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Location Distribution of Fistulas and Surgical Strategies for Spinal Extradural Meningeal Cysts: A Retrospective Analysis of 30 Cases at a Single Center

Article information

Neurospine. 2022;19(1):188-201
Publication date (electronic) : 2022 January 2
doi : https://doi.org/10.14245/ns.2142526.263
Department of Neurosurgery, Xuanwu Hospital, Capital Medical University, Beijing, China
Corresponding Author Zan Chen https://orcid.org/0000-0002-0104-115X Department of Neurosurgery, Xuanwu Hospital, Capital Medical University, No. 45, Changchun Street, Xicheng District, Beijing 100053, China Email: chenzan66@163.com
*

Qiang Jian and Gang Song contributed equally to this study as co-first authors.

Received 2021 May 19; Revised 2021 July 6; Accepted 2021 July 9.

Abstract

Objective

This study aimed to illustrate the features of fistula location distribution, surgical strategies, and outcomes in spinal epidural meningeal cysts (SEMCs).

Methods

The authors searched and reviewed the medical records for cases of SEMCs. Imaging features, operative reports, and media were reviewed to accurately describe the surgical techniques employed. We recorded the level and laterality of the fistula according to the operative report and the media. Consistency analysis was performed on the dominant laterality of the cyst on preoperative axial magnetic resonance imaging and laterality of the fistula in the operative media or report. When cyst and fistula lateralities were the same, they were considered consistent. Finally, the Japanese Orthopedic Association (JOA) score was used to obtain patient-reported results at each follow-up.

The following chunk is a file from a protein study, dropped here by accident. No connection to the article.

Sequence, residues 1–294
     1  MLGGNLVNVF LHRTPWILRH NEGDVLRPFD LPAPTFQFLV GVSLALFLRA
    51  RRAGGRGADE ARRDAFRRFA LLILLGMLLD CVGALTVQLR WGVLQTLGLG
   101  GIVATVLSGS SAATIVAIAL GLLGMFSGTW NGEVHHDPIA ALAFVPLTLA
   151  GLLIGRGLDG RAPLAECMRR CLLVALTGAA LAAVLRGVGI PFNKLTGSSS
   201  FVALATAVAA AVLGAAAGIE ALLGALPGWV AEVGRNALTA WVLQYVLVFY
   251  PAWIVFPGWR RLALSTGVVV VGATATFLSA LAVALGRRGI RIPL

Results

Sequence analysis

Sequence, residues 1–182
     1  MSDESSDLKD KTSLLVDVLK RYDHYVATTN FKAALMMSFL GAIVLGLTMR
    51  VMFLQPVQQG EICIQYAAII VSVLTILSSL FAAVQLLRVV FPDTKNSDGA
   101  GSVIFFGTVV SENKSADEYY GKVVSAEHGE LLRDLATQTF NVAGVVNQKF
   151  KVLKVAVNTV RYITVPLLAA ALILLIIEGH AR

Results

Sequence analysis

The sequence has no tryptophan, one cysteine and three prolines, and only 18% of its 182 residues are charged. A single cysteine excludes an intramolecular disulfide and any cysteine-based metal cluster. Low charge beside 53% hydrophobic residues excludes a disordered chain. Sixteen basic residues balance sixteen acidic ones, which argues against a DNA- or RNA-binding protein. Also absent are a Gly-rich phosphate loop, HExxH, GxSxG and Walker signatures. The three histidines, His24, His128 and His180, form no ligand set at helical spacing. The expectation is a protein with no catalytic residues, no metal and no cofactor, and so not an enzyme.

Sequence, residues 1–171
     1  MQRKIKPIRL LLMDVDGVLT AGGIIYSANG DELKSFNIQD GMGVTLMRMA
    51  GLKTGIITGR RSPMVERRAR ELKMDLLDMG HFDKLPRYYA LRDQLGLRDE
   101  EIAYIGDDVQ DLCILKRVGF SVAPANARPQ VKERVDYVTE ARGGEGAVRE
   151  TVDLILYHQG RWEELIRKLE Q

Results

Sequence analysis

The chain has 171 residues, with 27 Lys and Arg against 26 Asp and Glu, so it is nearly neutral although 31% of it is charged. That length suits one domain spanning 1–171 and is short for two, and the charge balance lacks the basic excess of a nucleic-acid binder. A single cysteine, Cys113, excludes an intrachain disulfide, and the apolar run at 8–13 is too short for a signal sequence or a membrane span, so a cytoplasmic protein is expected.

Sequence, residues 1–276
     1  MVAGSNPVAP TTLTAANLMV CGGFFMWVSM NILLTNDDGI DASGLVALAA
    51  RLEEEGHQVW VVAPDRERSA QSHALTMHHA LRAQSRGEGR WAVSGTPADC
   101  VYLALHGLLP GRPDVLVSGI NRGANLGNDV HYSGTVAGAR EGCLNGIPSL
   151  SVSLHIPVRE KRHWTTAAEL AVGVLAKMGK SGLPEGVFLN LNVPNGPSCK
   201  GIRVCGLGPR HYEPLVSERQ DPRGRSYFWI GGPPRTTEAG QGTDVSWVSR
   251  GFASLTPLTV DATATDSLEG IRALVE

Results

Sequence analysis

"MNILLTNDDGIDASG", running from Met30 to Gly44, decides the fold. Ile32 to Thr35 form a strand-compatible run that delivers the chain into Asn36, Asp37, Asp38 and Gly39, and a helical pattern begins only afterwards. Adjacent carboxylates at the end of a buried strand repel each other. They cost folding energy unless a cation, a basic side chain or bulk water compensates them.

Results

Thirty patients with SEMCs were identified. Fistula repair was performed in all patients. Two patients experienced cyst recurrence after surgery and were repaired during the second surgery. Based on imaging findings, SEMCs mostly occurred in the thoracolumbar junction. Most of the fistulas (87.88%) were at the T12 or L1 levels. In patients with multiple adjacent SEMCs, the fistula may be at one end of the cyst rather than in the middle level of the cyst. A fistula laterality of 72.72% was consistent with cyst laterality. The JOA improvement rate was 61.84%±26.63%.

Conclusion

Most fistulas were always located at the T12–L1 level as well as the middle level of the cyst, which is always consistent with cyst laterality. In patients with multiple adjacent SEMCs, the fistula may be at one end of the cyst. Cleft closure is key to healing SEMCs.

INTRODUCTION

Spinal epidural meningeal cysts (SEMCs) are rare pathological entities that account for about 1% of epidural lesions [1]. Most of the literature comprises case reports. The etiology, pathogenesis, and treatment of the disease remain controversial. Although cystectomy, shunting, and marsupialization are common surgical procedures that have been successfully reported [2-5], most scholars believe that fistula closure is key in preventing recurrence [6-9].